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What We Learned from the 2015 UPS Pain in the Chain Survey

Jan 07, 2016 River Logic

Healthcare, Supply Chain Management

Screen_Shot_2016-01-03_at_5.09.29_PM-1.pngThe 2015 (8th) UPS Pain in the Chain Survey has now been released, and its findings are as helpful a barometer of healthcare industry supply chain issues as were its predecessors. The survey results are based on 421 interviews of healthcare logistics executives in 16 different nations, and it contains detailed analyses of the industry broken down into 5 main areas of concern.

The five areas that executives were asked about, a summary of their responses, and the significance of their answers to healthcare logistics going into 2016 are outlined below.

1. Product Security

In 2014, only 55% of those surveyed said they had seen significant improvements in product security. In 2015, that number jumped by 20 points to 75%, making it the most-improved category. The most commonly cited means of improvement were: IT solutions like bar-coding and serialization, better cooperation with law enforcement and visible authentication methods like holographs and security inks. The most challenging problems that remained were: physical anti-theft protection at all points of the supply chain, maintaining end-to-end supply chain visibility, and having too many "links" (hand-offs) in the supply chain to easily manage.

The rising cost of healthcare products and the prohibitively high cost of litigation has motivated suppliers to do everything in their power to guard against theft and tampering. With effective security systems now in place, healthcare companies are freed up to focus on improvements in other areas.

2. Regulatory Compliance

For 2015, 70% of respondents said their regulatory compliance had improved, a 13% increase from 57% in the 2014 survey. Healthcare manufacturers have made great strides in complying with an ever-increasing government regulatory burden. The main method of improvement was to work with logistics and distribution partners who are expert in the regulatory compliance requirements of the various destination countries to which end-products are imported.

Without the ability to comply with diverse regulations in major markets like the U.S., E.U., China, Russia, Brazil, and more, healthcare manufacturing companies will either meet with costly delays/rejections or be limited to a smaller market. Improvement in this area signals the rise of greater levels of global competition.

3. Product Damage & Spoilage

One area of significant challenge has been constantly guarding against product damage and spoilage all along the supply line. Improvement in this category was 51% in 2014 and 63% in 2015. Part of the reason for the lagging behind other categories is the complexity of in-transit monitoring systems, which tends toward under-utilization. The progress that was made came mostly from two sources: switching to a faster, more conscientious shipping company and use of temperature monitoring devices to prevent spoilage.

One way to reduce product damage even further without hurting shipping efficiency is to hire a logistics management company with access to local agents and detailed knowledge of which shippers and shipping methods work best in each country and in each situation.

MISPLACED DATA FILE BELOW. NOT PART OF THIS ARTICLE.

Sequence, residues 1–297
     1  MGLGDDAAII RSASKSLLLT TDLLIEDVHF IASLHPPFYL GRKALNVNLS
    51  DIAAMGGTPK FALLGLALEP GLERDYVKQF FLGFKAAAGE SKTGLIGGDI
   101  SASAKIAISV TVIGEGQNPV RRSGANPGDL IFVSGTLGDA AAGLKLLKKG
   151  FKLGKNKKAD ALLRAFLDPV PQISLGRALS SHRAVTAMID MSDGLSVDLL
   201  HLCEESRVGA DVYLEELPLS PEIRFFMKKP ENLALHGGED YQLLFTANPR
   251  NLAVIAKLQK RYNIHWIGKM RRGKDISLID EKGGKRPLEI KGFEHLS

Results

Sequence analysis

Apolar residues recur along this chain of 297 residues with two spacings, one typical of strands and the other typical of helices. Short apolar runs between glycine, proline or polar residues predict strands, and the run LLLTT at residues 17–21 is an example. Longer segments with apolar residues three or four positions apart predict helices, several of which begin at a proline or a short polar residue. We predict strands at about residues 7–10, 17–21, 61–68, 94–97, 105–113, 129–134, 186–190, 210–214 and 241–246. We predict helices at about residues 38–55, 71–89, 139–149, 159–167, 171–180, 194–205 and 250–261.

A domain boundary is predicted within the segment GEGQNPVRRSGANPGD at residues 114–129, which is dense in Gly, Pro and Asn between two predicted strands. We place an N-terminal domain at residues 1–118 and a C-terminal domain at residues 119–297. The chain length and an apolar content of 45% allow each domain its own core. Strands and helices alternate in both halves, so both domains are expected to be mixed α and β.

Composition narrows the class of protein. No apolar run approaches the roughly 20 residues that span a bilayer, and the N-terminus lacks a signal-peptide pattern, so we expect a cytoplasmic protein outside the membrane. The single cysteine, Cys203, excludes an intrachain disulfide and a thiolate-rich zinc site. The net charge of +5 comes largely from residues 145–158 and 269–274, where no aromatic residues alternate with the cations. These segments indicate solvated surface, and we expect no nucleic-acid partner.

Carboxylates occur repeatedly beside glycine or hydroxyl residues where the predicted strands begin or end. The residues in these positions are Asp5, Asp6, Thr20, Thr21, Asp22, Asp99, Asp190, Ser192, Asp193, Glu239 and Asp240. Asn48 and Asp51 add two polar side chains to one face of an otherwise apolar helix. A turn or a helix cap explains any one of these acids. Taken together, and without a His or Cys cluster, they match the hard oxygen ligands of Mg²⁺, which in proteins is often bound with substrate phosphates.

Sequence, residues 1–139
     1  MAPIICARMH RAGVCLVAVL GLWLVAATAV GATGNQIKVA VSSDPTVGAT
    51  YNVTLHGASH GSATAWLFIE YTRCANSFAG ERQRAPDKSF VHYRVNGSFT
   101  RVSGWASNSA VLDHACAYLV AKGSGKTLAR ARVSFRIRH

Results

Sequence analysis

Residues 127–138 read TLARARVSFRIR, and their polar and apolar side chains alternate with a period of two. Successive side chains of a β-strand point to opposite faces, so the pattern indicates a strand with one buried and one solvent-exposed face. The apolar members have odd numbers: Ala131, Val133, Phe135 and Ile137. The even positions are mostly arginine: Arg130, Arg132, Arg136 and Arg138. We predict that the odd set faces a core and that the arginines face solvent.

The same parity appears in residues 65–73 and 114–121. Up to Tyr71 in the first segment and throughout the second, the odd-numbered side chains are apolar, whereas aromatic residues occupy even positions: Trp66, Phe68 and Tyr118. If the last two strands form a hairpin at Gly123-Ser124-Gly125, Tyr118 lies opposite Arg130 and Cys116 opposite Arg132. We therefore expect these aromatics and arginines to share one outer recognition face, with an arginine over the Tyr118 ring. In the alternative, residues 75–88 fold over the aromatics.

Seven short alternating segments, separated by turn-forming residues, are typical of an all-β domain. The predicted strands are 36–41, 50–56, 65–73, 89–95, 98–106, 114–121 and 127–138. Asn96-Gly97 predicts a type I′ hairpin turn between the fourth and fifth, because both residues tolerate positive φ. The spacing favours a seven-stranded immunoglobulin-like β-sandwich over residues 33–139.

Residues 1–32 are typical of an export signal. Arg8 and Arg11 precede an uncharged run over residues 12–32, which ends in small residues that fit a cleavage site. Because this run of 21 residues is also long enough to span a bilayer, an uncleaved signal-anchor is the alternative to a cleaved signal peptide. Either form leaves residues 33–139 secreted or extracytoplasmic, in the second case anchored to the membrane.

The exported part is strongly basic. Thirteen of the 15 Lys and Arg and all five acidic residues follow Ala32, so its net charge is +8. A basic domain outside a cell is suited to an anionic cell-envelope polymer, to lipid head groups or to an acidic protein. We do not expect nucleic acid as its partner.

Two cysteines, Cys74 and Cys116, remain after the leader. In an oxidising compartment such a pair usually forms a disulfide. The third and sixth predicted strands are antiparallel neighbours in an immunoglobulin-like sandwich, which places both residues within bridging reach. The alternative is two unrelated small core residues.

4. Logistics, Warehousing, & Transportation Costs

This was a relatively weak area, with only 50% saying they had improved in 2015, though that is still a 12% increase from the 38% who said so in 2014. The most critical challenges involved were: struggling to keep logistical optimization up to speed with rapid business growth, the learning curve that comes with entering a new market, and unpredictable fluctuations in the prices of fuel and raw material. The most successful cost-management strategies were: use of logistics/distribution partners and reliance on supply chain optimization analysis. Problems included: use of a non-optimized transportation service and using a separate company to finish the last mile or so of local deliveries, which leads to loss of traceability.

Finding ways to accurately pre-plan every step of the supply chain, identifying the most efficient working partners, and keeping full visibility from shipment to delivery may require help from a supply chain optimization expert.

5. Contingency Planning

Contingency planning received very little investment, as healthcare companies find it hard to justify the cost due to the limited, unpredictable nature of supply chain disruptions. Many simply do not consider this area to be of much importance. This isn’t surprising, considering only 6% of supply chains have been affected by unplanned events over the last several years.

Even if less critical day-to-day than other areas that call for investment, unexpected disruptions can cost valuable time and resources whenever they do occur. At least a modest amount of research, planning, and investment for contingency planning is a wise business practice.

Closing Remarks

Healthcare logistics decision-makers have made significant improvements in 2015 across multiple areas of the supply chain. Product security and regulatory compliance saw vast improvements, while product damage/spoilage saw modest success. However, contingency planning remained largely unimproved, receiving hardly an investment. Leveraging logistics experts holds great promise for further progress in healthcare, giving a competitive advantage to manufacturers who utilize their services. We predict that healthcare efficiency and managed cost will see a boom over the next several years as the industry slowly begins to adopt tools and tactics adopted across other supply chain industries.

Jewish General Hospital


Written by River Logic

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